The College of Engineering has funded four new projects through the Dean’s Catalyst Award (DCA) grant program, each focused on technologies that promise to make a significant impact on society. ENG and collaborating faculty will receive $40,000 per project to develop novel techniques to advance these technologies.
Established by Dean Kenneth R. Lutchen in 2007 and organized by a faculty committee, the annual DCA program encourages early-stage, innovative, interdisciplinary projects that could spark new advances in a variety of engineering fields. By providing each project with seed funding, the awards give full-time faculty the opportunity to develop collaborations and generate initial proof-of-concept results that could help secure external funding.
This year’s DCA-winning projects could yield new applications in healthcare and energy.
Professor Joyce Wong (BME, MSE) and Associate Professor Glynn Holt (ME) aim to perform a definitive proof-of-concept experiment to establish the potential for the use of microbubbles and ultrasound to noninvasively break blood clots. Clots are a major problem in the medical device industry because they can form on device surfaces, which can then lead to pulmonary embolisms if the clots end up in the lung or a stroke in the brain. Building on past studies by Wong, the researchers will conduct experiments aimed at developing a commercial “clot-busting” microbubble that binds to clots and breaks them in the presence of focused ultrasound....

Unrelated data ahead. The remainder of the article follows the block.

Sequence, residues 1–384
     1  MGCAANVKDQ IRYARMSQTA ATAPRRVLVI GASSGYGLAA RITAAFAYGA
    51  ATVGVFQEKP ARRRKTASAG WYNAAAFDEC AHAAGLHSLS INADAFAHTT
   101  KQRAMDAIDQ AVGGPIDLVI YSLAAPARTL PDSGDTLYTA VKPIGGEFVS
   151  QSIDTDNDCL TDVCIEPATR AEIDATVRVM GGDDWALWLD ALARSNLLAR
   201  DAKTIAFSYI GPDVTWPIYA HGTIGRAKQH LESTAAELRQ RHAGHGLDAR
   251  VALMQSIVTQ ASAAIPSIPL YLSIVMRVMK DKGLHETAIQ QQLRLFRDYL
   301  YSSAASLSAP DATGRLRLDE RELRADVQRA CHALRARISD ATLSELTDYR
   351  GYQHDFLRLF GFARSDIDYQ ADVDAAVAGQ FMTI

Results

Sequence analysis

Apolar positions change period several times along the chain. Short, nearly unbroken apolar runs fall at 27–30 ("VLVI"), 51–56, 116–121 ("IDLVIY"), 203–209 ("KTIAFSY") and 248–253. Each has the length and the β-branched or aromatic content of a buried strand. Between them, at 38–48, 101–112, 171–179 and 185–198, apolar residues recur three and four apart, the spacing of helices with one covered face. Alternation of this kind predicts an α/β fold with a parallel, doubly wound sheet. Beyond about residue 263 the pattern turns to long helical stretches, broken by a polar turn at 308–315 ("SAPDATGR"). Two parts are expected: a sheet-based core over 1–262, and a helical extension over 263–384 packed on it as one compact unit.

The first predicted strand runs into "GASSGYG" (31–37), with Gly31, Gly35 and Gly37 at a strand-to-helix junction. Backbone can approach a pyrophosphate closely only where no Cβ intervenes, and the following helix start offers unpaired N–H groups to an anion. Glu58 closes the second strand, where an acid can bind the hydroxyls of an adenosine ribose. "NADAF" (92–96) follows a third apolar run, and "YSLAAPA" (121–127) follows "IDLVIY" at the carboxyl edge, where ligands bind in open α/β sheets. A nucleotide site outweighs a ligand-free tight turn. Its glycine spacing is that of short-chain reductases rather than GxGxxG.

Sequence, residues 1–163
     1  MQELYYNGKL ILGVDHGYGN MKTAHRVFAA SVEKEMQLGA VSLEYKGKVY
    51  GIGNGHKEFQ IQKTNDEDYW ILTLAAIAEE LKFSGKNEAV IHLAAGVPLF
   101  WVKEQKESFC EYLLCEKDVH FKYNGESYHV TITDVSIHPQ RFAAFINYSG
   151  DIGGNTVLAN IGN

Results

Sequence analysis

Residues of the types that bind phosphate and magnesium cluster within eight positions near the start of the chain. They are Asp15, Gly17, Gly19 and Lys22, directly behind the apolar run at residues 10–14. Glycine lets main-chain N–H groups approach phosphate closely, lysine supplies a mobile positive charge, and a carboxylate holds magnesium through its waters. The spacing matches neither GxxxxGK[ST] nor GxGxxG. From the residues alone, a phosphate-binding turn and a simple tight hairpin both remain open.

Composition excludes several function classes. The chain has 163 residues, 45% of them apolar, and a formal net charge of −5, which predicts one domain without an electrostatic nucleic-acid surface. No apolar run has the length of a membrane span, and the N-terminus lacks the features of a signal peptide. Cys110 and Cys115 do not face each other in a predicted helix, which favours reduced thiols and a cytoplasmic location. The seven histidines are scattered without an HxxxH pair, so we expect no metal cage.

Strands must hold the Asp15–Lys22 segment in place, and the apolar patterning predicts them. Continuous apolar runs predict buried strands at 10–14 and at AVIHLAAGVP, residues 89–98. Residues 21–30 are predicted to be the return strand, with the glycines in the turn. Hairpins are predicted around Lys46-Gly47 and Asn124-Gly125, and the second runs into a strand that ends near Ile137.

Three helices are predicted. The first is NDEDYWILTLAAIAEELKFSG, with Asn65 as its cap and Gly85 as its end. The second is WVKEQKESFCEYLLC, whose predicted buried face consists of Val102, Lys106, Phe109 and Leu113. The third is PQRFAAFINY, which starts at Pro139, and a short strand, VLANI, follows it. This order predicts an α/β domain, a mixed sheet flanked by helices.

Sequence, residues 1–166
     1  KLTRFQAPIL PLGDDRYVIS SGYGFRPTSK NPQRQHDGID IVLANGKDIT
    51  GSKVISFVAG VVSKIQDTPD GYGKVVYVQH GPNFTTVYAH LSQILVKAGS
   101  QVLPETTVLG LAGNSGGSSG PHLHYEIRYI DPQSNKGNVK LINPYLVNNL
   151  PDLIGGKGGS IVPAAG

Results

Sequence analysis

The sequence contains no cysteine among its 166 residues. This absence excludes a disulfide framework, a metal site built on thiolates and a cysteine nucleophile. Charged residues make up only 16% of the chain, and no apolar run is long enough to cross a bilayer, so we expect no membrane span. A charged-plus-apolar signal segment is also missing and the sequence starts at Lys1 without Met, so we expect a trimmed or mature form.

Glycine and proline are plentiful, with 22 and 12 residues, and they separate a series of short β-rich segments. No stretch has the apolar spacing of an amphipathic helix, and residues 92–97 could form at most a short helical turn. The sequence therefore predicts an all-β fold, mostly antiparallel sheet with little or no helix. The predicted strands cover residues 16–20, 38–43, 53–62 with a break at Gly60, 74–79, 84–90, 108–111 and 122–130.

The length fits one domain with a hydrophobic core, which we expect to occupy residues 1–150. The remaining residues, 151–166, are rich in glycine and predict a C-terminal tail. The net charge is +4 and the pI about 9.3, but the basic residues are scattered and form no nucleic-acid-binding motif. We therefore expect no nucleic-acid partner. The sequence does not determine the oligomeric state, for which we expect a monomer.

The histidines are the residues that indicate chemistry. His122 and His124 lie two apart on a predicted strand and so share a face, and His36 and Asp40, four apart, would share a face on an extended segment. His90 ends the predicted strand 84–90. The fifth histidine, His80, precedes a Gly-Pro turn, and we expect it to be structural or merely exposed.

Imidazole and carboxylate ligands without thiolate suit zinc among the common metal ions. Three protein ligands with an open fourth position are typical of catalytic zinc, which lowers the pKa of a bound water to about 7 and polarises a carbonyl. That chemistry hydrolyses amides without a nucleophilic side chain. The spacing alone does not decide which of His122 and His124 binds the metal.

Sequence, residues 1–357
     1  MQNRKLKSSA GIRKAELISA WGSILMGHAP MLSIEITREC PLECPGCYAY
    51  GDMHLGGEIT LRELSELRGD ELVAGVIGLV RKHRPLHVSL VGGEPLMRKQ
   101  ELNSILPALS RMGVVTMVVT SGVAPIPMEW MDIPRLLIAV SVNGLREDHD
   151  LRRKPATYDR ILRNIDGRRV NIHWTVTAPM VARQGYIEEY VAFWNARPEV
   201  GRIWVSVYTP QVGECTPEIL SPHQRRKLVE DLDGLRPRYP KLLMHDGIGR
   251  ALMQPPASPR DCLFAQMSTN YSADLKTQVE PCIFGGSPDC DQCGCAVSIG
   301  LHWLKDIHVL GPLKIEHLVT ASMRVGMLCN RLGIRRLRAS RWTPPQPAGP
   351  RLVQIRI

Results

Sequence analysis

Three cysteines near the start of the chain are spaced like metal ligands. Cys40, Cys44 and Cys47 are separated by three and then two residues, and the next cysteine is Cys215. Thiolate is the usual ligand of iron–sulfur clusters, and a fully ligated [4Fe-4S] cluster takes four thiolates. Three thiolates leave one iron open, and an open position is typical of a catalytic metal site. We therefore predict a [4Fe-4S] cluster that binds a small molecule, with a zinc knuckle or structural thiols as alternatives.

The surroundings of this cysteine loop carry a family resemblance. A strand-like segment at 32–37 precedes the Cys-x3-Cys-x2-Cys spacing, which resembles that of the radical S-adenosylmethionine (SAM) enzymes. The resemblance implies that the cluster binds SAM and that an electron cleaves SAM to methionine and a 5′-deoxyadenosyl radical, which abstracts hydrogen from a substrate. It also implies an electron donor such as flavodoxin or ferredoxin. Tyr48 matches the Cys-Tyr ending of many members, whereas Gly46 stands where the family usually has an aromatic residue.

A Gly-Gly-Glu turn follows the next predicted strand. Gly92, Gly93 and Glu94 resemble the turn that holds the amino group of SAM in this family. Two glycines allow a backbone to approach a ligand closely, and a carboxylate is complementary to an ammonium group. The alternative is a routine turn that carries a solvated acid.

Professor Joyce Wong (BME, MSE), a world leader in the emerging field of living cell/surface interactions, has been elected as one of seven new Fellows of the Biomedical Engineering Society (BMES), the leading professional society for biomedical engineers, for outstanding achievements in the field. She was recognized for her work in developing biomaterials to detect and treat cardiovascular disease.
“Professor Wong’s work combines elegant experiments with underlying theory, and the resulting contributions to science and engineering are both significant and wide-ranging,” said Professor Sol Eisenberg, chair of the Biomedical Engineering Department. “Her election as a Fellow of the Biomedical Engineering Society is richly deserved.”
“I am truly honored to be selected as a BMES Fellow,” said Wong. “I am fortunate to have a job where I can work with the best students, postdocs and collaborators on exciting projects at Boston University that can influence the quality of healthcare.”...